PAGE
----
Forum addresses aging workforce - East Valley Tribune: Phoenix & The Valley Of The Sun

Forum addresses aging workforce

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Posted: Wednesday, November 3, 2004 5:39 am | Updated: 5:10 pm, Thu Oct 6, 2011.

November 3, 2004

Charlie Rice retired from his job as an elementary school teacher in 1989, but the 74-year-old Scottsdale man still works "because I enjoy it," he said.

Charlie Rice retired from his job as an elementary school teacher in 1989, but the 74-year-old Scottsdale man still works "because I enjoy it," he said.

Rice spends 20 hours a week working in Scottsdale Community College’s Senior Adult Program.

"It’s a fun job, working with seniors," he said. "And then my wife can’t give me so much to do around the house."

Like many seniors who work, Rice brings to the workplace life experience, commitment to the job, punctuality. He is part of an aging national work force expected to leave a vacuum in the next five to 15 years — and gerontology experts and senior advocates say there aren’t enough young people entering the work force to fill the gap.

The Maricopa Community College District and AARP have formed a partnership to educate local companies about the need to hire and retain older workers, and to address issues faced by older workers, including baby boomers and the World War II generation.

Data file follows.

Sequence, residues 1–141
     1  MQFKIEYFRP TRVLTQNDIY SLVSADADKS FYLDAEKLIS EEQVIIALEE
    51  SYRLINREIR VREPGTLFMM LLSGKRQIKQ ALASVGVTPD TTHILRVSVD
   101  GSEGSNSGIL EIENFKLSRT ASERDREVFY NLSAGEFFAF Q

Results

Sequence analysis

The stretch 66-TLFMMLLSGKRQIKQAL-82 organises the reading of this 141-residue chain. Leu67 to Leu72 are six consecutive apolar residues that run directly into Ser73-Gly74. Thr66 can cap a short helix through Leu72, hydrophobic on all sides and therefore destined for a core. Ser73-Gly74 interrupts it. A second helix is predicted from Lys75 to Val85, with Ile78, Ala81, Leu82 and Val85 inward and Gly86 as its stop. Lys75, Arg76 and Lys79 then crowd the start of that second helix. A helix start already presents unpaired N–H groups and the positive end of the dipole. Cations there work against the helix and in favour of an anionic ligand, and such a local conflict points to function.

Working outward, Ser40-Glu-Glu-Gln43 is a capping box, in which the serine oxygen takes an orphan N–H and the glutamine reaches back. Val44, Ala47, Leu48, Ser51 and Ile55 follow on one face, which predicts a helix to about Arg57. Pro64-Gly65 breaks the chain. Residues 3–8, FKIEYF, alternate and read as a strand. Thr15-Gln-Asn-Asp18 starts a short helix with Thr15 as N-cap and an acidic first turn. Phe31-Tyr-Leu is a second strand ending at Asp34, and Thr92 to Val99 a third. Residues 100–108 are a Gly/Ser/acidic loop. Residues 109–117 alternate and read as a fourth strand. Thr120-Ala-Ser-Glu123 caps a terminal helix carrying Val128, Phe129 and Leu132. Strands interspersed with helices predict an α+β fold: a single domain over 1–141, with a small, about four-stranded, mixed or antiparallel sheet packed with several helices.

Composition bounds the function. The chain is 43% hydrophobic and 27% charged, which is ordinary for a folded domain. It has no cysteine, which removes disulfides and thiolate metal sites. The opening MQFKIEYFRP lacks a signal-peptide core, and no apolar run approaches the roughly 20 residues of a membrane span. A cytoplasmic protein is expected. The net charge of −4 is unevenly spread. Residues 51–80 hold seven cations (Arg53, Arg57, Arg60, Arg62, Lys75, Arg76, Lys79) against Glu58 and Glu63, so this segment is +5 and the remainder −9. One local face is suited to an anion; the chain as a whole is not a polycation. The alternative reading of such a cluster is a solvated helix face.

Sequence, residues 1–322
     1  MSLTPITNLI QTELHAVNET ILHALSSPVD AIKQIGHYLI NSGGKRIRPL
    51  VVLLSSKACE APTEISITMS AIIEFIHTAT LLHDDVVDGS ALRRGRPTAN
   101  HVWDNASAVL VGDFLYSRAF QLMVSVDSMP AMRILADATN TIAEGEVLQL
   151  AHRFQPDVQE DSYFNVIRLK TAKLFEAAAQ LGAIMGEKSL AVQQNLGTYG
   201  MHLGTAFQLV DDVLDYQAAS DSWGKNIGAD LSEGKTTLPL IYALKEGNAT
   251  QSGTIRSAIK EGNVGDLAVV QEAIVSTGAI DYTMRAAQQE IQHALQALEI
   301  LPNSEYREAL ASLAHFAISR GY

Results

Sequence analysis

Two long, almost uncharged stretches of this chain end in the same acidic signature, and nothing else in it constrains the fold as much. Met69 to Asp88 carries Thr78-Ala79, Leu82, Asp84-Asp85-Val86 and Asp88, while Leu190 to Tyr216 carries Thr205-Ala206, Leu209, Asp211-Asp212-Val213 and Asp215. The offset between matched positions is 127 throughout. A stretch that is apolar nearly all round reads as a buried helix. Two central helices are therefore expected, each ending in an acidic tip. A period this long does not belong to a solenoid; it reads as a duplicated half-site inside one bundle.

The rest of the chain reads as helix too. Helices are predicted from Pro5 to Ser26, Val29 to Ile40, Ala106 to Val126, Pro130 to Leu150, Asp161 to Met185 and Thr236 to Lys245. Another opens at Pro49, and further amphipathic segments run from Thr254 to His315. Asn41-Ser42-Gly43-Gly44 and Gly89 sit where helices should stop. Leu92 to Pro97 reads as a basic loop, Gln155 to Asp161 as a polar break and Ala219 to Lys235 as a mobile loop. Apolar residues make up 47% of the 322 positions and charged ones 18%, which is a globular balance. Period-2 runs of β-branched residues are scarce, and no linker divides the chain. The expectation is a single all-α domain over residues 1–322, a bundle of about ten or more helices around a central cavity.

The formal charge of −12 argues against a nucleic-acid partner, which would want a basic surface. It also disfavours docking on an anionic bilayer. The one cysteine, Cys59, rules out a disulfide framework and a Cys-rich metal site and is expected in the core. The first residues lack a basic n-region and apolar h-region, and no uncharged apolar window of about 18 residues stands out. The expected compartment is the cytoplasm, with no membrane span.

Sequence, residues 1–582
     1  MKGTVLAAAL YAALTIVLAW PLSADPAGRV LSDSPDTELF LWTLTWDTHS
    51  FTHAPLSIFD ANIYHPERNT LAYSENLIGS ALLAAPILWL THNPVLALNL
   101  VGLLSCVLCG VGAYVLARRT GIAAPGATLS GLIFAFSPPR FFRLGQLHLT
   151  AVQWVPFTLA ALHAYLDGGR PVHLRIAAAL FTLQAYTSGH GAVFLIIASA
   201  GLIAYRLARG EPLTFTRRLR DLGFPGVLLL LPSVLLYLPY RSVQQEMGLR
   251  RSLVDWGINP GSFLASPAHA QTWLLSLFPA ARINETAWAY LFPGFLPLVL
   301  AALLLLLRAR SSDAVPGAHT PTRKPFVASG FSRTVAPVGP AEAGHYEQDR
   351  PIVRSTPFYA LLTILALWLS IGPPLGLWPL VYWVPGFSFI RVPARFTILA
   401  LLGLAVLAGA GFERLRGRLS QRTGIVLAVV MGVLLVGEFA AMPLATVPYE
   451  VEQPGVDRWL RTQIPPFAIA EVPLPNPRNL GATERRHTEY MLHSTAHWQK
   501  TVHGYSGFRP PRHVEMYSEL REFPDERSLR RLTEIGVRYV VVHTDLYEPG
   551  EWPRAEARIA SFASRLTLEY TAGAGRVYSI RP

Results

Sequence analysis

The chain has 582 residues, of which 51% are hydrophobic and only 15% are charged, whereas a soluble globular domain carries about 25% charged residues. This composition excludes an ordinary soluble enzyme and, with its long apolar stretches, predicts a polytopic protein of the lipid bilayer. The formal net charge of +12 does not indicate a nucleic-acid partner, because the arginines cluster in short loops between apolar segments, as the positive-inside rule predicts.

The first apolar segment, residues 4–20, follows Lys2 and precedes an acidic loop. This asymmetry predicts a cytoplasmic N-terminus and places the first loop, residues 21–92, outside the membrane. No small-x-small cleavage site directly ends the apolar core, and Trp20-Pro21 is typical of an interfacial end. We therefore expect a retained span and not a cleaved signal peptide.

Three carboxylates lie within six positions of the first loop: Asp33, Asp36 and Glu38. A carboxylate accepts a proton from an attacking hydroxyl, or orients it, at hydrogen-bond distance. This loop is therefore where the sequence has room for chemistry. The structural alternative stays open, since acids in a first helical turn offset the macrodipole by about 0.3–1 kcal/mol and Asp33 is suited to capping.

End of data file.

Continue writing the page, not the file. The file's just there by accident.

These issues will be addressed at a free forum and luncheon 11:30 a.m. to 1:30 p.m. Nov. 17 at Scottsdale Community College, 9000 E. Chaparral Road.

"Business and industry need to be prepared for what’s coming down the road — not only the work force aging, but the fact that there are fewer younger workers than there were several years ago," AARP Arizona director David Mitchell said.

AARP and the college district will discuss workplaces for older workers and how to offer resources. The forum will highlight the benefits of retaining older workers and training programs offered by the districts, said Rose Pfefferbaum, gerontology professor and coordinator of the district’s older worker programs.

"Largely what this partnership is about is raising awareness . . . that older workers are high-quality workers who have a strong work ethic and much experience to bring to the workplace," she said.

A recent AARP survey found that 14 percent of the U.S. work force is 55 years and older. That number is expected to increase to 19 percent by the year 2012. There are 80 million to 90 million baby boomers expected to retire in the next five to 15 years, said Vince Huffman, Senior Adult Program coordinator.

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